With the new jobs board and podcast discussions on employers searching over Stack Overflow for information about applicants, what is the most appropriate way to promote yourself using Stack Overflow?


Answer questions!

Build up a reputation by providing many quality answers, and then include good information in the ad hoc section of your profile.

  • I upvoted you, but the answer is kind of obvious. Is that really what he meant? – Ladybug Killer Jun 29 '09 at 17:37
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    Well, it is the basis of everything. Good answers and thoughtful questions and then talk about it. – malach Jun 29 '09 at 17:41

Double check spelling and grammar before posting. A lot of employers will be turned off by minor grammatical errors. Firefox has a built in spell checker if you need one.

You can always go back later and edit your entries for accuracy too. Maybe have someone proof your grammar.

You might take some of your top rated answers / questions and expand them to be more complete. Then include a reference to those answers in your resume.

  • Google chrome has one too (though it doesn't recognise Google) – ChrisF Jun 30 '09 at 9:41

In addition to Joel Coehoorn's answer: put your flair on your website or blog.


I see a few MVP types deliberately promoting their own sites on SO and SF. There is a fine line between this and spam but as long as the material is relevant I don't see any issue with blowing ones own trumpet. If the postings are offensively spam-ish they will get flagged so the system has built-in checks and balances that prevent this anyway.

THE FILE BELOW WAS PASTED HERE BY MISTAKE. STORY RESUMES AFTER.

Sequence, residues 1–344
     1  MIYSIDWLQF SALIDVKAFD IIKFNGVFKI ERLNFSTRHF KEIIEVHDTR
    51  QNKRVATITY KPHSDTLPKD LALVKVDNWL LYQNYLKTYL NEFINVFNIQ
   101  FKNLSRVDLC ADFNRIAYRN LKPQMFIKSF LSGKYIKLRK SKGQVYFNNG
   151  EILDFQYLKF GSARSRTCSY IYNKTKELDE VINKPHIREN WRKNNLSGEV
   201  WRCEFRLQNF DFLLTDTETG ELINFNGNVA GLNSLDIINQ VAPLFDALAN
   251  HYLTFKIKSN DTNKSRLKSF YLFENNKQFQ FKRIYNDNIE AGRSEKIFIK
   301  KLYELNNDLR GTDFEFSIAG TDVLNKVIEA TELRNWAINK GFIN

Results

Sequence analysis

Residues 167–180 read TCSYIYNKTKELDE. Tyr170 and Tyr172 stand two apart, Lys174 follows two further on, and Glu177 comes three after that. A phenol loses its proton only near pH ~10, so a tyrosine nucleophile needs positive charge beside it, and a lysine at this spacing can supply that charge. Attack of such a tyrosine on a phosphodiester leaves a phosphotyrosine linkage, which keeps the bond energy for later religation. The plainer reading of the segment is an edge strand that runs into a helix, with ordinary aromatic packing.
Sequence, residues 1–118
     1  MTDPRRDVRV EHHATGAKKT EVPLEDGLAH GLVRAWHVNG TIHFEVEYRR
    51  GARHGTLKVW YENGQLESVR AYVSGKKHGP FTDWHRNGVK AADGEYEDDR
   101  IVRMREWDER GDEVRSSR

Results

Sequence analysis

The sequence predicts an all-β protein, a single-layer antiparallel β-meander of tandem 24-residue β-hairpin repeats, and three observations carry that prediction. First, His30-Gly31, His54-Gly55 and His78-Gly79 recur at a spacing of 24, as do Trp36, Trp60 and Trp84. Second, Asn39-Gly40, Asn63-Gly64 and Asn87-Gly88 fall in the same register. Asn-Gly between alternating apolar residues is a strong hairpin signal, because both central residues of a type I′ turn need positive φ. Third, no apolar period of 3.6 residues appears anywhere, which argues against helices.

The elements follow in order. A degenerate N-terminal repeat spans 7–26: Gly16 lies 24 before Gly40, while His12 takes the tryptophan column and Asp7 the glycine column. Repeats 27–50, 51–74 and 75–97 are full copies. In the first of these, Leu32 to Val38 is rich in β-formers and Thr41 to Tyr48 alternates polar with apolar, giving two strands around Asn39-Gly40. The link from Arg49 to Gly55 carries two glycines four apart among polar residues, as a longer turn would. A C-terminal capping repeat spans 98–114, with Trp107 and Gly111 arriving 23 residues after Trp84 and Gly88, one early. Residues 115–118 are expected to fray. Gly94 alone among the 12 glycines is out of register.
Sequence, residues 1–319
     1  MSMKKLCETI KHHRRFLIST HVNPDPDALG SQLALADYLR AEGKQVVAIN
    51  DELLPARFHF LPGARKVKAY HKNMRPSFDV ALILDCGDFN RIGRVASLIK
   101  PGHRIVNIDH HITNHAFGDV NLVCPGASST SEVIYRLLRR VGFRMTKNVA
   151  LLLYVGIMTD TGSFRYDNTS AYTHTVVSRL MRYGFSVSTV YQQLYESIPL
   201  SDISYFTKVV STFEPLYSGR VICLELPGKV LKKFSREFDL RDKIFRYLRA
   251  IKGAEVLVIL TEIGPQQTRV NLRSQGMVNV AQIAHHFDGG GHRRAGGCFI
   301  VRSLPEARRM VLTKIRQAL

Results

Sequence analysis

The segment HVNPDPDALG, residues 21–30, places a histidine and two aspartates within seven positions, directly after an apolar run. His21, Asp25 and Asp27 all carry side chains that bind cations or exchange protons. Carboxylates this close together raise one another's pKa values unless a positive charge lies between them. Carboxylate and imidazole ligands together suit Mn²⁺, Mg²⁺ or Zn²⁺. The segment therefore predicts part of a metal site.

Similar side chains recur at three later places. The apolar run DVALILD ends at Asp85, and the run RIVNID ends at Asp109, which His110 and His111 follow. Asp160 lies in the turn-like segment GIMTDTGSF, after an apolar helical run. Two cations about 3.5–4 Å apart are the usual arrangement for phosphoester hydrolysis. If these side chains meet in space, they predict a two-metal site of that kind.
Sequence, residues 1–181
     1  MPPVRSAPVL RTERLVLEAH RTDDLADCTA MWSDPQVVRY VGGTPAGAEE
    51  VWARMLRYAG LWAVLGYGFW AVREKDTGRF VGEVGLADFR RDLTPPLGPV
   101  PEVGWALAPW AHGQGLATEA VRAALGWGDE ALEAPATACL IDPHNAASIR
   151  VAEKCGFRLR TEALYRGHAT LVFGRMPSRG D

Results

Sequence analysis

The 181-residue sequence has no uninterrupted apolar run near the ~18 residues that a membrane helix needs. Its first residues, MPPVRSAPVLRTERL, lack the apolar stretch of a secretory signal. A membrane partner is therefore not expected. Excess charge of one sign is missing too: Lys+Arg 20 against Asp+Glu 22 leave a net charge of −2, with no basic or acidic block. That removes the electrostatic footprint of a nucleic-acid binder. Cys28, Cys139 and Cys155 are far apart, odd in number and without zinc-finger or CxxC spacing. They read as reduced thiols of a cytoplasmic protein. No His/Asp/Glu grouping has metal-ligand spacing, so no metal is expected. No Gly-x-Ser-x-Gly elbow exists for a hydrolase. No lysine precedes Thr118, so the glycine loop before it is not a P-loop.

I don't really use SO as a promotional tool (possibly I could), although some of my longer answers are verging on white papers and might be worth rehashing as such. I think that a personal or professional web site is probably a better front-end but you could link to particular SO answers if you have anything you are particularly proud of. The reverse is also true. If you have a site with significant material (even a halfway decent technical blog) you could fan out to it from SO.

  • agree, relevance is the #1 issue here. We have had some private email exchange with a handful of users (nobody you would know, I think) where blatant promotion has been a problem. – Jeff Atwood Jun 30 '09 at 5:32
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    And if you see this, flag it, as usual. – Jeff Atwood Jun 30 '09 at 5:33
  • The "MVP types" claim would surprise me (unless it is something I've done?). Would you care to expand on that (I am genuinely interested). We do see company-based advertising, but we "deal" with that... – Marc Gravell Jun 30 '09 at 11:28
  • I won't name names as the particular examples haven't done anything grossly inappropriate. Loosely, I'm defining 'MVP types' as people who maintain their own web presence and participate extensively in forums as a part of their consulting practice. I've seen a few postings with overtones of self-promotion from such people. What I was stating is that I think this sort of thing is not wholly inappropriate if the trumpet-blowing actually refers people to material that is relevant to the question. – ConcernedOfTunbridgeWells Jun 30 '09 at 11:58
  • As long as the material is relevant and not complete bollocks I see no reason not to say 'Look! Here's a bunch of articles I wrote on this subject.' rather than reinvent the wheel. – ConcernedOfTunbridgeWells Jun 30 '09 at 12:08

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